Sunday 17 November 2013

Thought Picnic: To wilfully forget a parent's birthday

An unfortunate breakdown
It probably signifies a breakdown in relationship building when parents and children grow considerably distant that the only connection between them becomes that of grudging filial duty rather than longing friendship.
Association challenges some children and at times blackmail spurs action through comparison and embarrassment; caught between comparison and envy of others who have cultivated better of parent-child interaction.
These things do not happen in a vacuum, opportunity and choice over the years left untapped and unexploited defines what becomes of how parent and child respect, acknowledge and support each other in whatever paths they all choose and thrive in.
Emotions in turmoil
This might catch a child between resentfulness and gratitude; the former borne of unfortunate inadequacies on both sides and the latter recognising that as age diminishes the influence of parentage, their being around still offers some slight opportunity at reconciliation and renewed friendship.
Resentfulness however is a consuming fire that leaves a person in danger of being past caring, indifferent, unconcerned, disinterested and unaffected.
Exasperated kids
Children are not perfect, and parents do strive to do their best within the spectrum of the knowledge and experience they have from handling the responsibility of making basic provision of shelter, protection, education and material needs, but these are no substitutes for the intangibles of love and affection borne out of proper emotional engagement.
Children do get exasperated starting with parents demanding respect through to parents being overly controlling that the child never gets to live their own life. Crudely, you find instances where the father expects to be feared, and the mother will not countenance the idea of joking or laughing with the children in idle banter.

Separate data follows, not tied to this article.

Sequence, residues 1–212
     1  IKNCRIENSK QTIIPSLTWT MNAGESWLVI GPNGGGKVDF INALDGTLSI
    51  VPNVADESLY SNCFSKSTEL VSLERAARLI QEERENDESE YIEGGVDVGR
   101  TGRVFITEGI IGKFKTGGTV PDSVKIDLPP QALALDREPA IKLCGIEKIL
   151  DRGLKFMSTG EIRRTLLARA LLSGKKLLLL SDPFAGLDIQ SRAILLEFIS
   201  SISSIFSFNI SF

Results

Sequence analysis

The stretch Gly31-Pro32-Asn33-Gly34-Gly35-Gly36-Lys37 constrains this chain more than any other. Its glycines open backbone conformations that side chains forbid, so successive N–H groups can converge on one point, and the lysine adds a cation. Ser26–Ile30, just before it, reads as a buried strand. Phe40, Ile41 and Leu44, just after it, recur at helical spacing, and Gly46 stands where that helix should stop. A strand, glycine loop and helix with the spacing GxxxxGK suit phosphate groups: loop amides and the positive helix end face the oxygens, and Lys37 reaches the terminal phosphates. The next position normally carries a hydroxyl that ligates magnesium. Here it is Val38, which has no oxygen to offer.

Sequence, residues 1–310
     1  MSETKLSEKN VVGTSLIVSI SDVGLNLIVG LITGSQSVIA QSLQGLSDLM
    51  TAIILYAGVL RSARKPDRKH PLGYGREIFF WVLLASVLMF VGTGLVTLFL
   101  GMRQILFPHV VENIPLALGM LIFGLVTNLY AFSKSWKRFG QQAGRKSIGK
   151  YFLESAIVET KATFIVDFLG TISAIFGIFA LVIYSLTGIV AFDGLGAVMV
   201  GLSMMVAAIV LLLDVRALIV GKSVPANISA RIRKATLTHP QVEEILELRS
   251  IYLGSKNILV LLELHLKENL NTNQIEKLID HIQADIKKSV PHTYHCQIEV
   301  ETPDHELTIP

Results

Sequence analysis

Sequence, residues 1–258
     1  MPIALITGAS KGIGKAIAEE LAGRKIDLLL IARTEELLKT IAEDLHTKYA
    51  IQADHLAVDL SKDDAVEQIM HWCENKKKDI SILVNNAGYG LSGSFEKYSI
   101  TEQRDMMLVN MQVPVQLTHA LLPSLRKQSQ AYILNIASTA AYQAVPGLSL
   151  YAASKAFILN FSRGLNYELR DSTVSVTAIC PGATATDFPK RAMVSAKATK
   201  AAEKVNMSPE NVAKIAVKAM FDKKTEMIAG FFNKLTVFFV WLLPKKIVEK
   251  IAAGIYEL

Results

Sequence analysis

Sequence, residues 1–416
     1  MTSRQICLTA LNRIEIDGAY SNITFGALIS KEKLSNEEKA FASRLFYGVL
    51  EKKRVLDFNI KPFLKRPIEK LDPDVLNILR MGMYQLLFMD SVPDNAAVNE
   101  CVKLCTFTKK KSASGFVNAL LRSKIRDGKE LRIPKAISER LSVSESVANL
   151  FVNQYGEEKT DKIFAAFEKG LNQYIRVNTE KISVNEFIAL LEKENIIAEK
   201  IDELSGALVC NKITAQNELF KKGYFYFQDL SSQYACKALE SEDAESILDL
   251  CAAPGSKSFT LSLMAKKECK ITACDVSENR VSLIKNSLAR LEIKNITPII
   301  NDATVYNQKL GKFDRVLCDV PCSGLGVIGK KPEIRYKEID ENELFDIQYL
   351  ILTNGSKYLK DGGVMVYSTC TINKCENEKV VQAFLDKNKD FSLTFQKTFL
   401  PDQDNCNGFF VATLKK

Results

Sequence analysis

A lack of adaptation
Independence cannot then come too quickly for the child to break free. The nature of the break if not properly recognised by the parent such that they adapt will lead to unavoidable disengagement as each party goes their different ways, decades separating them until it appears they do not matter to each other anymore than through the intrusion of emotion brought on by nostalgic impudence.
That things could have been better is no more the discussion or argument, whether the time can be redeemed is another issue, but worse still is the possible regret that might follow never having done something when things could be done on the side of both the parent and the child.
You then ask; can a child wilfully forget a parent’s birthday? At which point your realise that things have really gotten that bad and rather than face the trepidation that infuses each conversation when they talk, the greater peace though without comfort is best served by just getting on with your life and the sadness of the story being told.
Providence and consequence draws on a long history of experiences, we are young, we cultivate relationships and grow old living the knowledge of our lived out truths. For those whose memory is the keenest, the hope is that the good remembered outnumbers the ready reckoner of the bad and the ugly when it is all put in the balance.
C’est la vie will say the French, but just west of France, in Spain, one might hear, Que sera, sera.

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